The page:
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New and mature neurons in adult circuits: telling memories apart

New and mature neurons in adult circuits: telling memories apart

Objective

How does the brain distinguish between memories that closely resemble each other? The hippocampal dentate gyrus has been suggested to serve this purpose by generating non-overlapping memory representations in a process termed “pattern separation”. Intriguingly, during adult life, the dentate gyrus is constantly supplied with new neurons, providing new circuit elements that can incorporate into the neuronal network. How the activity of new adult-born neurons and mature granule cells combines to drive the production and storage of distinct memories represents a new frontier in understanding brain function. However, to determine how these neurons transform similar synaptic input patterns into decorrelated spike output patterns representing distinct memories, we need to monitor and manipulate their subthreshold and suprathreshold activity during behaviour.
To address these challenges, we will combine molecular, physiological and optical approaches in the mouse dentate gyrus during navigation in a virtual reality environment. We will use intracellular recordings to assess how hippocampal neurons convert synaptic inputs into spike output, 2-photon Ca2+ imaging to monitor population activity in the hippocampal circuit, and optogenetic tools to causally test the involvement of specific cell types. These experiments will allow us to address the following key questions:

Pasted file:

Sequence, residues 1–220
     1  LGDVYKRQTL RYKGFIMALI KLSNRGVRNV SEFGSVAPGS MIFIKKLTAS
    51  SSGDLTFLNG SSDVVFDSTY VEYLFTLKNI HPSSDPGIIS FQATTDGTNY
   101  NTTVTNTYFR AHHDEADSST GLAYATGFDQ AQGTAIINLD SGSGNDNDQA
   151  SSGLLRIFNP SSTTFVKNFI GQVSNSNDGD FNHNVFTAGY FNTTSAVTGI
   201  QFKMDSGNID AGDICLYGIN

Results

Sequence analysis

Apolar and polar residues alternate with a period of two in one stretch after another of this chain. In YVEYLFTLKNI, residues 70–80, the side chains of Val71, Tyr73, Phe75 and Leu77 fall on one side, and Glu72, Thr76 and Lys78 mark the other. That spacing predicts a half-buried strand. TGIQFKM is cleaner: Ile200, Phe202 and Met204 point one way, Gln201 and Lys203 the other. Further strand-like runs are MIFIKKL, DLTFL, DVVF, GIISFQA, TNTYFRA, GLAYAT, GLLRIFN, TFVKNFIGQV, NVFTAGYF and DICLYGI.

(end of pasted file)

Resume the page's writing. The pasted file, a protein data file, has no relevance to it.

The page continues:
1. Which behaviours trigger action potentials in identified newborn and mature dentate gyrus neurons?
2. How do synaptic inputs drive spiking in newborn and mature neurons during behaviour?
3. How are small changes in an environment encoded by synaptic inputs to newborn and mature neurons?
4. Can we differentially manipulate the activity of new and mature cells to selectively interfere with animal behaviour during pattern separation and completion tasks?
Understanding the role of new and mature neurons in hippocampal function will provide fundamental insights into the cellular mechanisms of memory formation.
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Host institution

INSTITUT PASTEUR

Address

Rue Du Docteur Roux 25-28
75724 Paris Cedex 15

France

Activity type

Higher or Secondary Education Establishments

EU Contribution

€ 1 498 955

Beneficiaries (1)

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INSTITUT PASTEUR

France

EU Contribution

€ 1 498 955

Project information

Grant agreement ID: 678790

Status

Ongoing project

  • Start date

    1 October 2016

  • End date

    30 September 2021

Funded under:

H2020-EU.1.1.

  • Overall budget:

    € 1 498 955

  • EU contribution

    € 1 498 955

Hosted by:

INSTITUT PASTEUR

France